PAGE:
Shakespeare, mystery man though he may have been, knew that words matter.  Lawyers know this, too.  And because words matter—a lot—we have to acknowledge their power to do serious harm when they invite action divorced from reason.


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Photo of Barry Barnett Barry Barnett

Clients and colleagues call Barry Barnett an “incredibly gifted lawyer” (Chambers and Partners) who is “magic in the courtroom” (Who’s Who Legal), “the top antitrust lawyer in Texas” (Chambers and Partners), and “a person of unquestioned integrity” (David J. Beck, founder of Beck…

Clients and colleagues call Barry Barnett an “incredibly gifted lawyer” (Chambers and Partners) who is “magic in the courtroom” (Who’s Who Legal), “the top antitrust lawyer in Texas” (Chambers and Partners), and “a person of unquestioned integrity” (David J. Beck, founder of Beck Redden).

Barnett is a Fellow in the American College of Trial Lawyers, and Lawdragon has named him one of the top 500 lawyers in the United States three years in a row. Best Lawyers in America has honored him as “Lawyer of the Year” for Bet-the-Company Litigation (2019 and 2017) and Patent Litigation (2020) in Houston. Based in Texas and New York, Barnett has tried complex business disputes across the United States.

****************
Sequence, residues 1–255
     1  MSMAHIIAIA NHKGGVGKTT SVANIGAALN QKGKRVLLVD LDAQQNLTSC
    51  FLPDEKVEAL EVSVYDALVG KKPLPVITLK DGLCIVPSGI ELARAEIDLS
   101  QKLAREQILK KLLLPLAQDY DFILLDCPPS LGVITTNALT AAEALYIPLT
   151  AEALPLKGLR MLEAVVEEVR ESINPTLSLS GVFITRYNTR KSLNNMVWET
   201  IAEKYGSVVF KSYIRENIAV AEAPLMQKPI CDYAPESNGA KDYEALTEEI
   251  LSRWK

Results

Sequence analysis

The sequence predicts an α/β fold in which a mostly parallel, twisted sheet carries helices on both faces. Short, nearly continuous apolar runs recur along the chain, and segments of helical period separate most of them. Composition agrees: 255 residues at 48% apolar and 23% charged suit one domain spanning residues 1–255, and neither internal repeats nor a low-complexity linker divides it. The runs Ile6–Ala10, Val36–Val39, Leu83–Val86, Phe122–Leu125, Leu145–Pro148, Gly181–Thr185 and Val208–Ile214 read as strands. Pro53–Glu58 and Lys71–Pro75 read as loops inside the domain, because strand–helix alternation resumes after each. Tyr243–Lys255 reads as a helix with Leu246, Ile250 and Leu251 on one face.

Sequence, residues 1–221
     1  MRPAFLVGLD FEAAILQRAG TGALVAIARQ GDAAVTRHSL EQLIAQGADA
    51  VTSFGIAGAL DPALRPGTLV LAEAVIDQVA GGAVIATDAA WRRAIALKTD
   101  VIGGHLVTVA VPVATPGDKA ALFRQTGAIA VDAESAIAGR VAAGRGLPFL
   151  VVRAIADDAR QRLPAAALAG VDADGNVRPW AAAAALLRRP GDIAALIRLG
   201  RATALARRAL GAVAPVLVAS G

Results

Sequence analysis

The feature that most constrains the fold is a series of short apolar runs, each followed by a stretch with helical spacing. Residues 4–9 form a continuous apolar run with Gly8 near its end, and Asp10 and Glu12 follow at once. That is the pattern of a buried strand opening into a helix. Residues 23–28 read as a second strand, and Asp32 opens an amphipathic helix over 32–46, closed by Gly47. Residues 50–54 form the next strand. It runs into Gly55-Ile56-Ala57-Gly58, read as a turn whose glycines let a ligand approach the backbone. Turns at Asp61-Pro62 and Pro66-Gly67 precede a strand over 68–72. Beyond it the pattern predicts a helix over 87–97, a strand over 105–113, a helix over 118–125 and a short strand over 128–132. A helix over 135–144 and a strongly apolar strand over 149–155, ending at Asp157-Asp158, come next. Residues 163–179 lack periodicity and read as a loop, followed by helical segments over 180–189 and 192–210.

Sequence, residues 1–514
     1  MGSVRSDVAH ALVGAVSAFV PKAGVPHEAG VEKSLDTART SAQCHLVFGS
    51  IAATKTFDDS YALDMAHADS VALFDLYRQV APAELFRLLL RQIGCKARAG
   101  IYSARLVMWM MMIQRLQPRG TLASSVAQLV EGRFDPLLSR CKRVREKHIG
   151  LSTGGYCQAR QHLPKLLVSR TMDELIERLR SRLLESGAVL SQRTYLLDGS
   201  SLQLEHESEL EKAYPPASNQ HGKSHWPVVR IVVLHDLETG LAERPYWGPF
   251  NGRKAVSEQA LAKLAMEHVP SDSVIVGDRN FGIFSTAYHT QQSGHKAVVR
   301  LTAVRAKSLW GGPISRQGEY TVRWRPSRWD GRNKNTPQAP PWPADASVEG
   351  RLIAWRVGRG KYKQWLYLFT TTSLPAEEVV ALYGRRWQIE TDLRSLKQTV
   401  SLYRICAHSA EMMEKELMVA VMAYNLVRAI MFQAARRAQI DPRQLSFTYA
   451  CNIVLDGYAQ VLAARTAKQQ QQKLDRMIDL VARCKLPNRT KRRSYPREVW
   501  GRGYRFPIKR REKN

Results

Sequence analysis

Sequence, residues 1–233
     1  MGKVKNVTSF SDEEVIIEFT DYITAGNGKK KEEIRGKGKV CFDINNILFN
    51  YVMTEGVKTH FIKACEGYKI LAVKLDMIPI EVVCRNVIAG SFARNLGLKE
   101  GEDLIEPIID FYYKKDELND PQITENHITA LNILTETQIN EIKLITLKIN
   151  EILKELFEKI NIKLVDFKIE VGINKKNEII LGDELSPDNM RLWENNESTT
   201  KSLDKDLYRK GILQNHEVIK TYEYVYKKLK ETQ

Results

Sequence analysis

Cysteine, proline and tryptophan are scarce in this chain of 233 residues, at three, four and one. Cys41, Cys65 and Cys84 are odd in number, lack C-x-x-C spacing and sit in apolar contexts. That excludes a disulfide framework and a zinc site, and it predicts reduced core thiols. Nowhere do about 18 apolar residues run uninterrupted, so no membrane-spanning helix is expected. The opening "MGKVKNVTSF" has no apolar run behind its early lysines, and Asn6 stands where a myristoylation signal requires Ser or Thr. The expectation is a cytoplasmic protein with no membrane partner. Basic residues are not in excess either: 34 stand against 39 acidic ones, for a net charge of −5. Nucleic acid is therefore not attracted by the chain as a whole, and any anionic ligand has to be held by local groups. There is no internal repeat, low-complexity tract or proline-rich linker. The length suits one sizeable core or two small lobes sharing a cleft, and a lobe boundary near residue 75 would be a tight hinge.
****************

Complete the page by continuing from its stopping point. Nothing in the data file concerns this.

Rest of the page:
Barnett’s background, training, and experience make him indispensable to his clients. The small-town son of a Texas roughneck and grandson of a Texas sharecropper, Barnett “developed an unusual common sense about people, their motivations, and their dilemmas,” according to former client Michael Lewis.

Barnett has been historically recognized for his effectiveness and judgment. His peers chose him, for example, to the American College of Trial Lawyers and American Law Institute. His decades of trial and appellate work representing both plaintiffs and defendants have made him a master strategist and nimble tactician in complex disputes.